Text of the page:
Remember how Obama backed the mosque at Ground Zero? Well, guess who else backs the mosque? HAMAS.
A leader of the Hamas terror group yesterday jumped into the emotional debate on the plan to construct a mosque near Ground Zero — insisting Muslims “have to build” it there.
“We have to build everywhere,” said Mahmoud al-Zahar, a co-founder of Hamas and the organization’s chief on the Gaza Strip.
“In every area we have, [as] Muslim[s], we have to pray, and this mosque is the only site of prayer,” he said on “Aaron Klein Investigative Radio” on WABC.
“We have to build the mosque, as you are allowed to build the church and Israelis are building their holy places.”
Hamas, he added, “is representing the vast majority of the Arabic and Islamic world — especially the Islamic side.”
Presumably, Osama Bin Laden and Hezbollah also agree with Obama and the terrorist leader on the mosque.
If you think my headline is bad, look at the Washington Post story.
Why the name “Cordoba House”?
Another key to understanding Imam Rauf’s thinking is his use of the name Cordoba. His non-profit group is called the Cordoba Initiative and, until very recently, the mosque project was called Cordoba House. In order to emphasize “the community center aspect of the project rather than religion,” that name has now been changed to Park51, a more hip, New York style name that offers no associations to another place and time (except perhaps to Studio 54, which I’m sure is unintentional). Cordoba House, by contrast, summons up a host of images and historical references for those familiar with Islamic, Spanish, or medieval history and culture.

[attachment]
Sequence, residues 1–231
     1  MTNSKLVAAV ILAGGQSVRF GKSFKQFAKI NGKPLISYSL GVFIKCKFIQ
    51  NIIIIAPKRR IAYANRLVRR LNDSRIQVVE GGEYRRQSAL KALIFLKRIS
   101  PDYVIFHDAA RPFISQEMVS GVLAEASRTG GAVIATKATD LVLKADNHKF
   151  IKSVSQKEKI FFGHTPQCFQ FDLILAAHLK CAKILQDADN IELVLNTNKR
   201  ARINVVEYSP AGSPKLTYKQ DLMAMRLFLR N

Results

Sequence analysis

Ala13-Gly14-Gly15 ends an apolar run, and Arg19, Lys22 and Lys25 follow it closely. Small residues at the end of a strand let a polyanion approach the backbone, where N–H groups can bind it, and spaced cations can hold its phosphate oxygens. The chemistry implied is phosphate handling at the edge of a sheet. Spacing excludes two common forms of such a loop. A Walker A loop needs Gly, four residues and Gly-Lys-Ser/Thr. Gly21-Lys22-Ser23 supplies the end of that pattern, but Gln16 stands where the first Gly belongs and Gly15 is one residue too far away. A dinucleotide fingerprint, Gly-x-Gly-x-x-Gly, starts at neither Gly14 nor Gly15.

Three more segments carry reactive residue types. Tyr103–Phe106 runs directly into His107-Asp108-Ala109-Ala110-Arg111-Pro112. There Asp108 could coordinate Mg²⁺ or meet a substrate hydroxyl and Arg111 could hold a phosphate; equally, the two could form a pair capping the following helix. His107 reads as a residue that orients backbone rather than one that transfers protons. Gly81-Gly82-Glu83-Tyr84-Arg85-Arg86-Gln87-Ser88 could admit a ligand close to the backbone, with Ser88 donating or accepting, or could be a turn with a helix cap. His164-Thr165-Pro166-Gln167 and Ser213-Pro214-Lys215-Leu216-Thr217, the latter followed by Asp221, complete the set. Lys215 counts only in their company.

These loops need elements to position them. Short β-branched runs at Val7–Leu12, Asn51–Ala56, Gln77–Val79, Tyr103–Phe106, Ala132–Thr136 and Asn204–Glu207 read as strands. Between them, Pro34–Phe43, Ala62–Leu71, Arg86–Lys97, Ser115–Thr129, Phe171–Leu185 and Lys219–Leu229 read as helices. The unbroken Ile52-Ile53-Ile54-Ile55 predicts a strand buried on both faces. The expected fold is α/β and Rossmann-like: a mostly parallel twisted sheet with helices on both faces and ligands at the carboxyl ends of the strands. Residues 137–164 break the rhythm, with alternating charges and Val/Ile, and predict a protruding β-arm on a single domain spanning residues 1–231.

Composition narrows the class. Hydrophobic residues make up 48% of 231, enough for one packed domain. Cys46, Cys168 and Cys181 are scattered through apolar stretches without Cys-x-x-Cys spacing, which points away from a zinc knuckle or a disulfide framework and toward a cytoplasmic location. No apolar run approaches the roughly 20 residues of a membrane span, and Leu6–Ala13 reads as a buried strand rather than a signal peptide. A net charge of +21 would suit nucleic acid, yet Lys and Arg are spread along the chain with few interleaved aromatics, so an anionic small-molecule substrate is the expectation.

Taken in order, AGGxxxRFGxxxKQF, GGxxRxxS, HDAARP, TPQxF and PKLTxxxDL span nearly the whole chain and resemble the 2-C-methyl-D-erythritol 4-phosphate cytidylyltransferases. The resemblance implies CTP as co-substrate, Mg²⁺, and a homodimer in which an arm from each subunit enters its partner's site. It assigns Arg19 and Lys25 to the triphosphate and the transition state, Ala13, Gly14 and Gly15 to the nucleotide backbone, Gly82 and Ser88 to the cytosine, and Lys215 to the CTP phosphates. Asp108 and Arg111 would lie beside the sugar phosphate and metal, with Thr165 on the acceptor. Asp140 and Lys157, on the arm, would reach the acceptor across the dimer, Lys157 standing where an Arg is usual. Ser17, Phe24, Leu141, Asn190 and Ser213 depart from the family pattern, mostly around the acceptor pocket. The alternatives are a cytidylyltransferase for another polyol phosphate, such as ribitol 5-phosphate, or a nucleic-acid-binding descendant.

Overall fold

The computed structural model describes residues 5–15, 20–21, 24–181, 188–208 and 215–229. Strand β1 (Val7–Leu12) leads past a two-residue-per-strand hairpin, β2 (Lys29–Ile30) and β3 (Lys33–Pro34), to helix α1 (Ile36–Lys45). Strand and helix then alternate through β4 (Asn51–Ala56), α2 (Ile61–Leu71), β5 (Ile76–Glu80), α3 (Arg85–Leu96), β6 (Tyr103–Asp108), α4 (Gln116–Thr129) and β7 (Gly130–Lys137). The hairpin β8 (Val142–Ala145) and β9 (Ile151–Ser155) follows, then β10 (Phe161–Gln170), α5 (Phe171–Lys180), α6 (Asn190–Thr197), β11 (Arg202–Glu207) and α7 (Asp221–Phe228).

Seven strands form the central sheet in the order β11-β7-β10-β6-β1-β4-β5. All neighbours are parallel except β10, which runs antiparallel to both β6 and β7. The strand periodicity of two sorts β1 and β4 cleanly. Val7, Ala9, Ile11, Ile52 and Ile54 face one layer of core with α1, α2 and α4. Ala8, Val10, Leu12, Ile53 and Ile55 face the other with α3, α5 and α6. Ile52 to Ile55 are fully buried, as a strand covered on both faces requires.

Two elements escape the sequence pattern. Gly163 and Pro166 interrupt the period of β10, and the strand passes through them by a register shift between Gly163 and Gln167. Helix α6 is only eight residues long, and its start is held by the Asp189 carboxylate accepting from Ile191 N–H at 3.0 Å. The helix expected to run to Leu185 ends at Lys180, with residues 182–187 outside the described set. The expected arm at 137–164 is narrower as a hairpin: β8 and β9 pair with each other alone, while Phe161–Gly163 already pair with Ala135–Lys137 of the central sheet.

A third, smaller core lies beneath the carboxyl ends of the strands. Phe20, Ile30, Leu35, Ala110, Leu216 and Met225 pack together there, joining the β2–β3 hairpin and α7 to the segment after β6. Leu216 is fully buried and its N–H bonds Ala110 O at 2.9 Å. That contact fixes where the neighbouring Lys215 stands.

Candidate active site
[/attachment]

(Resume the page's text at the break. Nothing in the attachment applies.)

[…] Imam Rauf’s book, What’s Right with Islam: a New Vision for Muslims and the West, narrows the pertinent time frame, explaining that the Cordoba Initiative is “named after the period between roughly 800 and 1200 CE, when the Cordoba Caliphate ruled much of today’s Spain.”
[…]Yale professor Maria Rosa Menocal, in The Ornament of the World: how Muslims, Jews, and Christians created a culture of tolerance in medieval Spain, further whittled down the time period in question regarding Cordoba’s heyday: “From about the mid-eighth century until about the year 1000 this was an Islamic polity, centered in Cordoba, which at its height, in the mid-tenth century, declared itself the center of the Islamic world.”
[…]In considering the “Old Cordoba”, however, one should not forget that Cordovan tolerance was predicated on Islamic rule. Jews and Christians, once they accepted their status as dhimmi, protected albeit subservient peoples, could participate in the intellectual, artistic, and economic life of the broader community.
That’s what this is about: Islamic rule.
Charles Krauthammer makes the conservative case against the Ground-Zero Mosque in the liberal Washington Post.